Tuesday, December 15, 2009

Information Super Highway

Today I took off work. I knew I'd get no sleep last night and had a bunch of research to do today as well as spend time with my Chippy and complete the tasks we failed to accomplish yesterday in Jackson. As presumed, I got a sporadic 4 hours of sleep throughout the night and woke up bright and early to contact the plethora of people that could help educate us on what we needed to know. I contacted the children’s hospital in New Orleans, the lactation specialist at Woman's Hospital, the breastfeeding specialist, my very well educated and professional speech pathologist friend, a local friend who has dealt with a similar issue and then contacted family to help educate them on the situation and what I'd gathered. All that was before lunch. Then this afternoon we headed back to Jackson to do the big Sam's and Academy trip we weren't up to yesterday evening after 3 hours of being at the doctor’s office.

We feel better about the situation now that we are more educated. Of course we don't know the severity of the cleft until he gets here, but know the ins and outs of what steps we need to take and who to contact when the time comes. We still have more research to do...that's what you get when you have an analyst as a mom and a planner as a dad. Given I'm a credit analyst and his dad is a financial planner....it's still in our DNA to plan, evaluate and research all aspects of everything. We can't help it. We are nerds.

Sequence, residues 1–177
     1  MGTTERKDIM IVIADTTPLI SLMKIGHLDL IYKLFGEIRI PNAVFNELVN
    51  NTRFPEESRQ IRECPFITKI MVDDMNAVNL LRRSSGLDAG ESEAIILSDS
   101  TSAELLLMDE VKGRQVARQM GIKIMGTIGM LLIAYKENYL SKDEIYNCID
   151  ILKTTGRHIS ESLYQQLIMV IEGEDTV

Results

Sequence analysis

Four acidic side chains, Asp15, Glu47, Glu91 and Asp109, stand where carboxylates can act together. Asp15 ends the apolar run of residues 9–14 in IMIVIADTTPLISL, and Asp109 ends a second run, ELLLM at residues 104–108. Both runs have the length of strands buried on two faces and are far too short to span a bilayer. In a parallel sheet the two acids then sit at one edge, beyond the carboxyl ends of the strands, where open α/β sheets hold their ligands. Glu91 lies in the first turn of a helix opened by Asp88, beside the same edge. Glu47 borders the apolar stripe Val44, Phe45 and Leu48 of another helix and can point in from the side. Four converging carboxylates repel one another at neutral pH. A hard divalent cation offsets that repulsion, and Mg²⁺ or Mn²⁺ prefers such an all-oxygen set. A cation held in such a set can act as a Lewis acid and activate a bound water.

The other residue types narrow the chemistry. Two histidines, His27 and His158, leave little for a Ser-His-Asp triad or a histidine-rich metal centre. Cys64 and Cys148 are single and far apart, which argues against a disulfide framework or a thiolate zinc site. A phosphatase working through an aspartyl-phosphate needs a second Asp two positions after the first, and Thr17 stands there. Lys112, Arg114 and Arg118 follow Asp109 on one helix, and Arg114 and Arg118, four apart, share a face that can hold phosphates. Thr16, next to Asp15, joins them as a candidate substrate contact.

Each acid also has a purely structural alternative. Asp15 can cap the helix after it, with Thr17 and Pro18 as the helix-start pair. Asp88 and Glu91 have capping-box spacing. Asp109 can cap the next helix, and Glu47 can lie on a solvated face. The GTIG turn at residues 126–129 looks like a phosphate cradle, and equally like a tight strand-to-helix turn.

I've talked to the head nurse of the cleft & craniofacial team in New Orleans and she is super nice and full of information and happy we are taking matters into our hands now to be better educated it makes it so much easier on everyone once he gets here. She let me know the steps I need to take and what I need to do once Hill gets here they are very proactive in early treatments and surgical evaluations, etc. For example, with the lip they prefer to do the surgical procedure mere weeks after his birth. Yet they don't do the surgery for the palate until about 9 months old. They have a genetic doctor that he would see to evaluate if there are any other disorders or syndromes associated with the cleft. She answered questions I didn't even know I had and we are very impressed with them so far.